This procedure resolves the hernia and fixes the weak part of the muscle wall, keeping internal tissues from pushing through in the future. Moderate and severe hernias typically require surgery, due to the risk of strangulation.

There are two types of surgery for femoral hernia repair, and a doctor may recommend a type depending on the size of the hernia, the person’s age, their general health, and other factors.

Surgical hernia repair may be:


This typically involves having a general anesthetic, meaning that the person is asleep for the procedure. However, in some simple cases, the team may give a local anesthetic. This makes the area numb, but the person stays awake.

The surgeon begins by making a small incision in the groin to access the hernia. They then move the bulging tissue back into the abdomen before repairing the femoral canal wall with strong stitches or a piece of mesh.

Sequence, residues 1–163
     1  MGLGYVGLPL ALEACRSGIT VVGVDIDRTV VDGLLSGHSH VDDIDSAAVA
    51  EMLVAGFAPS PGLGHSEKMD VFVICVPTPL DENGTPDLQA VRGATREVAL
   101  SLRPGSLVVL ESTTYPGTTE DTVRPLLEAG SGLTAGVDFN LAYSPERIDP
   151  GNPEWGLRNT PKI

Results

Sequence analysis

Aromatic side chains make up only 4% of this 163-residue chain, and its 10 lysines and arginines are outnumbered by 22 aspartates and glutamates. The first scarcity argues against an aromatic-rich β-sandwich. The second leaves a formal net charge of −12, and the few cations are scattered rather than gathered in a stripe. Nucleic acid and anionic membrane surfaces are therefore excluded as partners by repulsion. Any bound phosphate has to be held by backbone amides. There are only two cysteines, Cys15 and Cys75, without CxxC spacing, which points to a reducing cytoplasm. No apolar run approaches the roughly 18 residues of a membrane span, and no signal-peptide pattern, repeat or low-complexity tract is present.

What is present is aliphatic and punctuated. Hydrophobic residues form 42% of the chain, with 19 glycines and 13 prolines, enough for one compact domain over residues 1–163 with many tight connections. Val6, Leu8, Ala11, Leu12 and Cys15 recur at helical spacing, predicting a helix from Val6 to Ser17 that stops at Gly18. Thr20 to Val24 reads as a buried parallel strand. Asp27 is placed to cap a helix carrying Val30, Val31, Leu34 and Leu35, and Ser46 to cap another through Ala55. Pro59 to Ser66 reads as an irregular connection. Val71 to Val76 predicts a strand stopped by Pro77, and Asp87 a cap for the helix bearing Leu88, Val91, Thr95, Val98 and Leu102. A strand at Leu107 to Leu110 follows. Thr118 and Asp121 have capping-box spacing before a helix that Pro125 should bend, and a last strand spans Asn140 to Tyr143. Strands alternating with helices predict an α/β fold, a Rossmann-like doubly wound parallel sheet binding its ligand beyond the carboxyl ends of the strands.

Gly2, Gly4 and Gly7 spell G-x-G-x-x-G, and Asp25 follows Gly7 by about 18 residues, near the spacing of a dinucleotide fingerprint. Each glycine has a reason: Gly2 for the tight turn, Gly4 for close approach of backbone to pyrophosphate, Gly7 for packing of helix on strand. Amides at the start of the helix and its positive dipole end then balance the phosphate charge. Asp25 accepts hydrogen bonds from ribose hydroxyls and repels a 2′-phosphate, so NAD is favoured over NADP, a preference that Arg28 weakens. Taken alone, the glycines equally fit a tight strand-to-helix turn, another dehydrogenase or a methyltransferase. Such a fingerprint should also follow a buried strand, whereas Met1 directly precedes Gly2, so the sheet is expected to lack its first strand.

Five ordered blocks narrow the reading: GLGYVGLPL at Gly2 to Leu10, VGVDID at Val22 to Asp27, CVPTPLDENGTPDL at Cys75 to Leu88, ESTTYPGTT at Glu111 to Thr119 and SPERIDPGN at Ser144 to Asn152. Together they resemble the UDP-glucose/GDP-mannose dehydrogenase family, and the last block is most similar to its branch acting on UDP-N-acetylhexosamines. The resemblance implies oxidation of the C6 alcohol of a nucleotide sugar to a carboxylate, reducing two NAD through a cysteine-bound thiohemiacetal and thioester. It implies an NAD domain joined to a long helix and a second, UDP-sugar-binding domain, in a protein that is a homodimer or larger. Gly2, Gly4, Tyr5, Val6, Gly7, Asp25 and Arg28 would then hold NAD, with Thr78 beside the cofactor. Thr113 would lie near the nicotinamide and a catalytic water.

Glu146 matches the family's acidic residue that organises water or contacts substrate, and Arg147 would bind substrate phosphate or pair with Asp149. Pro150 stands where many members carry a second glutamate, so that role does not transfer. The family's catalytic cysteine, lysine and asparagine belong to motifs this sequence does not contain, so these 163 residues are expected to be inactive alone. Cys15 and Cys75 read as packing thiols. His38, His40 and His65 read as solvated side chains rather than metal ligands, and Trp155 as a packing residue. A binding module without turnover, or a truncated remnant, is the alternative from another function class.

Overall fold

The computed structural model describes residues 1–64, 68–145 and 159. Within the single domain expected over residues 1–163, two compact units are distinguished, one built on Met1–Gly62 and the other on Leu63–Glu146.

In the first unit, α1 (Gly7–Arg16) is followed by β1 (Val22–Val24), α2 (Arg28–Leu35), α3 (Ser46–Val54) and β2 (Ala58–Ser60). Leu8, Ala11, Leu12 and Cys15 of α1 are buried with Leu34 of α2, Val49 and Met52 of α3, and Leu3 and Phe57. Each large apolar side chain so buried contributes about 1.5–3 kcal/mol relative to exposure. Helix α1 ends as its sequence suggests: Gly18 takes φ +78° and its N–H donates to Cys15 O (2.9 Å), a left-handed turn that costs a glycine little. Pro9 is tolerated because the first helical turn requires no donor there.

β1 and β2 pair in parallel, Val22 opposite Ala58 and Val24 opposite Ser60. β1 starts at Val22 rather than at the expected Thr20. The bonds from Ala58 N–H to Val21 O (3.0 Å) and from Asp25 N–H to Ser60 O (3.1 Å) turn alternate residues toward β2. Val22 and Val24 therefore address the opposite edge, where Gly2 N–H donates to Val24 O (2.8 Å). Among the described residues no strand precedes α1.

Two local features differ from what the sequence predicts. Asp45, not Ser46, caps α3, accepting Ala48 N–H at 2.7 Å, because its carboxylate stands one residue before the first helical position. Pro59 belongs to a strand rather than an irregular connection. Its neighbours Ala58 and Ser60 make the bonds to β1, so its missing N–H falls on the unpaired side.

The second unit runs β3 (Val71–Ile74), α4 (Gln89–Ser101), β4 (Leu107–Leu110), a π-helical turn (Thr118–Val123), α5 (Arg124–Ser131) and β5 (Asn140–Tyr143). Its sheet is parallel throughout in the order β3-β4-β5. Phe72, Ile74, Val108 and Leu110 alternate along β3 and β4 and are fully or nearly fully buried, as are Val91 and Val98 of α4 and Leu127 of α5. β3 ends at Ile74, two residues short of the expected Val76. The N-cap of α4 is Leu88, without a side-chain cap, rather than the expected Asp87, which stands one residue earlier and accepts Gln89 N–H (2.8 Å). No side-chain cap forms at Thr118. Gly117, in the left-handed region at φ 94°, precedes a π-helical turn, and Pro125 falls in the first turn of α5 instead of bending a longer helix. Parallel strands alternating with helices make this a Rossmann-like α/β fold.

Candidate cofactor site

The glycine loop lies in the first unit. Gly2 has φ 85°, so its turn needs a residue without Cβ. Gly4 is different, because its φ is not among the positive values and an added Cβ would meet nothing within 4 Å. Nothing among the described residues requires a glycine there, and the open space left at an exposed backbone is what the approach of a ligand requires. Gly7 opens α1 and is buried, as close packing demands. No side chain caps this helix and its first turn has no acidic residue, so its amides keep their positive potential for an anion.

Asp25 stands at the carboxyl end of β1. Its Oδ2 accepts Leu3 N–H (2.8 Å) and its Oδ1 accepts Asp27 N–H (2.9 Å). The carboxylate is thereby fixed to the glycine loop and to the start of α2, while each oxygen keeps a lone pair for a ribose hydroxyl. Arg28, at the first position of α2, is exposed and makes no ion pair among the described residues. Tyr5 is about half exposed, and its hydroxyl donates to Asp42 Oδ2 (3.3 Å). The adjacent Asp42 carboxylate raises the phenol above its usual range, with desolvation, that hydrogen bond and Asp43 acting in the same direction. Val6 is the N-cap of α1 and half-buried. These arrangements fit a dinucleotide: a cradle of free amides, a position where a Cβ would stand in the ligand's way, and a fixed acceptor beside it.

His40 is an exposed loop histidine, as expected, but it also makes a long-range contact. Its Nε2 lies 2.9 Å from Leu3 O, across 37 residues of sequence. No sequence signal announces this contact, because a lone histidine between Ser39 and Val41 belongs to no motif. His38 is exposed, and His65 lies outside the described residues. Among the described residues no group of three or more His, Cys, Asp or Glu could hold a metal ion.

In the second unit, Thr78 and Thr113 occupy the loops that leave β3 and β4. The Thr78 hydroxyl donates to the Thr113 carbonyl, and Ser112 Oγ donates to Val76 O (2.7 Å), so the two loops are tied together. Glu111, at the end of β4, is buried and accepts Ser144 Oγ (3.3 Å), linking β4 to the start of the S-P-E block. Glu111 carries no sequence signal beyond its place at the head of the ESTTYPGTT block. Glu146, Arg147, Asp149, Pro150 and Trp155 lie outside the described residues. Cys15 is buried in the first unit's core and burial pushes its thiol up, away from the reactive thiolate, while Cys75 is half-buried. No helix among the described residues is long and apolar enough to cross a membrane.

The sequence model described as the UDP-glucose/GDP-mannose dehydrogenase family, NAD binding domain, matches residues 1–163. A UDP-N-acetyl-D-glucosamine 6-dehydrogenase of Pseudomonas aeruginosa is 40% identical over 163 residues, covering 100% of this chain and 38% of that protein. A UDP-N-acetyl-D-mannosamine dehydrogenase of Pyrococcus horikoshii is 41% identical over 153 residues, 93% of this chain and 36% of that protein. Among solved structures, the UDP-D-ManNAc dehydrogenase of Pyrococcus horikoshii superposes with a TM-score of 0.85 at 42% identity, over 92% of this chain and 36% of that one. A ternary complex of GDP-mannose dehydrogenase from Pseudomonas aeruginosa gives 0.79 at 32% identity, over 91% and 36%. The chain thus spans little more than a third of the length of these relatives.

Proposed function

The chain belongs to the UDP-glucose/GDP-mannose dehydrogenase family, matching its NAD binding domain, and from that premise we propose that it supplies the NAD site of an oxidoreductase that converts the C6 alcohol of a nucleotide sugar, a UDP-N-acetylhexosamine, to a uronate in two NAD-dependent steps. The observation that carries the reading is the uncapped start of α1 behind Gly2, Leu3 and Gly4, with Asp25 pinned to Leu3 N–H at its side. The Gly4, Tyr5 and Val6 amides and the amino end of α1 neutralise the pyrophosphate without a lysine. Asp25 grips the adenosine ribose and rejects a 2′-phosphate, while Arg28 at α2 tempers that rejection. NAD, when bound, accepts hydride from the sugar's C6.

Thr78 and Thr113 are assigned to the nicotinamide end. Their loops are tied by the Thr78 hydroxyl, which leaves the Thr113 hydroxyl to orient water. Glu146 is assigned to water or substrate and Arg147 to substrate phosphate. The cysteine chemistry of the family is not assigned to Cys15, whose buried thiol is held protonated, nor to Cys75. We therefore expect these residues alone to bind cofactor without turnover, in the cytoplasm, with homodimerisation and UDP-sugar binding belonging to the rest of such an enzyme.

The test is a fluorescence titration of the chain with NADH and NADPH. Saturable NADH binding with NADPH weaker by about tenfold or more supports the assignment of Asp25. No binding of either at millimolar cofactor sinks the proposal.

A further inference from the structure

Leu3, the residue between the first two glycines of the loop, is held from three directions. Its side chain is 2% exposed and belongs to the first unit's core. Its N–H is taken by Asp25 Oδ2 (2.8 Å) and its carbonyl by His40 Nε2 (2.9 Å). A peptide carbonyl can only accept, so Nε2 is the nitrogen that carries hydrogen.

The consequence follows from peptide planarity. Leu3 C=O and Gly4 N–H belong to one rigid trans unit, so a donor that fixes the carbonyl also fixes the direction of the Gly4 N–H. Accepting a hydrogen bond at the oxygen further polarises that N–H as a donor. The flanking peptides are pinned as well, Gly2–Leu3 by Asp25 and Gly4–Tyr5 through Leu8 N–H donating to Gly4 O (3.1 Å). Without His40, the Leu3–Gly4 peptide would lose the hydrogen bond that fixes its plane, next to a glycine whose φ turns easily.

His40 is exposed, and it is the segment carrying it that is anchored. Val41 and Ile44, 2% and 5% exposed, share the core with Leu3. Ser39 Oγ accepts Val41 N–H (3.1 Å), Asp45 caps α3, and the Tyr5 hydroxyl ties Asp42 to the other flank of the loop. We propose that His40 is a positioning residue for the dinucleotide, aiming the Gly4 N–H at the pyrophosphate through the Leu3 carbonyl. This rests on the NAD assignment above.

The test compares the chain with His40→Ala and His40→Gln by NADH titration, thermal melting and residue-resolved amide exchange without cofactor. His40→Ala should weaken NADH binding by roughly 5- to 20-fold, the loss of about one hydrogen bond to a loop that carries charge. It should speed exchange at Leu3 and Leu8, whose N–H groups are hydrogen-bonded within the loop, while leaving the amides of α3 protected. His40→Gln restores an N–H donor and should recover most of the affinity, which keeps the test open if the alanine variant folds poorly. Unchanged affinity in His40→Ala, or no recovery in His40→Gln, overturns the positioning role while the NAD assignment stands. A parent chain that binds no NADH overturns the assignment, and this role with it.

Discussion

This surgery is minimally invasive, but the person receives a general anesthetic.

First, the surgeon makes several small incisions in the lower abdomen and inserts a thin, tube-like tool with a camera, called a laparoscope, into the incisions. They then move the bulging tissue back into the abdomen and repair the weakened area of the muscle with mesh.

Laparoscopic surgery is not suitable for everyone, such as people very large hernias. People who do receive this surgery tend to recover more quickly and have less scarring than those who receive open surgery.

Complications and risks of surgery

Surgery for a femoral hernia is typically safe, though any surgery carries some level of risk.

Complications, while uncommon, can include:

  • bleeding or bruising at the incision sites
  • blood clots
  • difficulty passing urine
  • injury to internal organs